Big City, Bad Blood
William Morrow, 2007 (2007)
Read an Excerpt
Reviewed by Mary Ann Smyth
n the tradition of Sam Spade and Philip Marlowe, Ray Dudgeon breaks into the crime scene with trumpets blaring. Once on the newspaper crime beat, Dudgeon was disillusioned by corruption and broke out of the mold of hard-hitting reporter to become an old-time PI. Except for the modern conveniences of computer, fax machine, cell phone, and answering machine, his office approximates something that Humphrey Bogart or George Raft might have walked into, as PI or big-time criminal.
ay's work usually involves protection services for important - at least in their own eyes - businessmen, or trailing adulterous wives or husbands. Now he's contracted to safeguard a movie executive from the
(spell that Mafia) in Chicago – the man is a key witness in a trial that would put a crime boss in jail for many years. As Ray delves deeper into what's involved in protecting this man, he falls into more information than he really needed or wanted. But what to now do with that knowledge?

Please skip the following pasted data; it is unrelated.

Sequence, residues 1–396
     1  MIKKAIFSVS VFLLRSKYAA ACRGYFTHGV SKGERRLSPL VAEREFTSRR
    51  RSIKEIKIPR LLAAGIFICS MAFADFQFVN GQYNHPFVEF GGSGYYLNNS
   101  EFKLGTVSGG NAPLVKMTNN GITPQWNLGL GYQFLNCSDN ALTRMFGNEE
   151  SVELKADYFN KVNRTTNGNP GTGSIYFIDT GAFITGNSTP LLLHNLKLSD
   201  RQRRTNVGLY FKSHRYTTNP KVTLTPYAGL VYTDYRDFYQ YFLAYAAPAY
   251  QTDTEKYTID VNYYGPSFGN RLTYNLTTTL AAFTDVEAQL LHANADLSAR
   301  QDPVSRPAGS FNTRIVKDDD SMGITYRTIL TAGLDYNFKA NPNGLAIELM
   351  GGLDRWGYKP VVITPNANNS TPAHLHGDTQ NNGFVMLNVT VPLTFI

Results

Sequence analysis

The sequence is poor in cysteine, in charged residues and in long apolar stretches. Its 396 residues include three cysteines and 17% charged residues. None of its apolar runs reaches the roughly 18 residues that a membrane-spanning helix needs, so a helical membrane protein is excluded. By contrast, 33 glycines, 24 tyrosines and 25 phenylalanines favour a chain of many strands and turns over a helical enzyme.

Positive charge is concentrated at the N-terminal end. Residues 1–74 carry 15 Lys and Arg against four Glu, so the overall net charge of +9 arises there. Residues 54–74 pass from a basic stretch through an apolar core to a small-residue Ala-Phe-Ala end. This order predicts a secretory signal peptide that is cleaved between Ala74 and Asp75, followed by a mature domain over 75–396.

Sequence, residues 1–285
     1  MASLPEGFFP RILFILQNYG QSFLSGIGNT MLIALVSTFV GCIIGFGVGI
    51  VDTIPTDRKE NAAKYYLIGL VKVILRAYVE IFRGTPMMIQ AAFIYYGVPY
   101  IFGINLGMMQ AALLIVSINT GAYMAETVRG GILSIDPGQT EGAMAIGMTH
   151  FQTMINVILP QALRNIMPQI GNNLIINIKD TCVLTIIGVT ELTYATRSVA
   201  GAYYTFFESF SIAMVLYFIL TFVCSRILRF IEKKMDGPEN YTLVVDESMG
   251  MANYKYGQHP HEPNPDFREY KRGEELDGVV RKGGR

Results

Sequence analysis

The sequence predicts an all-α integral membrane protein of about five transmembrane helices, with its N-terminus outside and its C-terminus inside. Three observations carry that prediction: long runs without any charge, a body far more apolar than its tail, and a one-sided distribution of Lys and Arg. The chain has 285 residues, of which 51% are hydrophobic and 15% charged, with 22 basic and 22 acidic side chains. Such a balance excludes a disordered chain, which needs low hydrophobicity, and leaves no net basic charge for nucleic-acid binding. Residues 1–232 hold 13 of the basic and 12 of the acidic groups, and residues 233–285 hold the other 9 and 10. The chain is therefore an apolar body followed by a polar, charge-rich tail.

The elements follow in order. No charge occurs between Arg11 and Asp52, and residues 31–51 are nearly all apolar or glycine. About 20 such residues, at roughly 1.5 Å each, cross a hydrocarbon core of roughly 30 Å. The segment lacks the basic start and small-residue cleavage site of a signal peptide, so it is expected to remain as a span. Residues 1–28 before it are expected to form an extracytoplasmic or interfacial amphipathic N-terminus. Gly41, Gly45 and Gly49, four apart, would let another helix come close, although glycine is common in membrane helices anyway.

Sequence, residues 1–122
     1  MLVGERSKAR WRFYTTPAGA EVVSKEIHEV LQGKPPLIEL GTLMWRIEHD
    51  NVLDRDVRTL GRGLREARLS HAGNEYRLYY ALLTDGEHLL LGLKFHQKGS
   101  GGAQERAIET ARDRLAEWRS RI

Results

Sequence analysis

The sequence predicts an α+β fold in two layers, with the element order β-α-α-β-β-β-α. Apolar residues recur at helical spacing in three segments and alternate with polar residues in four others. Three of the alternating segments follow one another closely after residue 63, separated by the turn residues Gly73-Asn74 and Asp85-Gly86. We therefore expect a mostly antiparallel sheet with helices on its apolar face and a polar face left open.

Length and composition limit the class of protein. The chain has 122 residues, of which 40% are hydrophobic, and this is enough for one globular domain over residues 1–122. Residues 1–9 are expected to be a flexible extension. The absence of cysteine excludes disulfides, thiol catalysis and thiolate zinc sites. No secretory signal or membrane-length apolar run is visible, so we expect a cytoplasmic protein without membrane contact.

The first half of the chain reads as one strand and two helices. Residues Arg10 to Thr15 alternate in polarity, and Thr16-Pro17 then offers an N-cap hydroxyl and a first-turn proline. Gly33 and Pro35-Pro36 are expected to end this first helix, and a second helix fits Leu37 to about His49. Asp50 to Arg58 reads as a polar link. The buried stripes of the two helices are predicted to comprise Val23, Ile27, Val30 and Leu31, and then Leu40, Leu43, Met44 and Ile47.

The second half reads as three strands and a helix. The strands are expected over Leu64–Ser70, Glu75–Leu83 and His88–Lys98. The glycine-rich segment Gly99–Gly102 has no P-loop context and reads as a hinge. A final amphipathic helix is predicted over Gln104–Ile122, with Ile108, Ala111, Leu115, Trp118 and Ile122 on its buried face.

ig City, Bad Blood
is hard-hitting and fast-paced with a plot that would raise eyebrows anywhere. Corruption oozes from every page and violence is no stranger. Chercover's depiction of Dudgeon's brief stay in Hollywood shows Tinseltown as a land all of its own that brooks no interference from mere mortals. His portrayal of Chicago's lower echelon is terrifying to say the least. What seems like such a welcoming town has very disturbing undercurrents.
he corruption that riddles the flesh of this dynamic read is hard to countenance. Yet, I am not naïve, and realize it does exist - I only hope not in the scope that Dudgeon uncovers. What a treasure of a first book, is
Big City, Bad Blood
- and I hope there will be more to come.
Note: Opinions expressed in reviews and articles on this site are those of the author(s) and not necessarily those of BookLoons.
Find more Mystery books on our
or in our book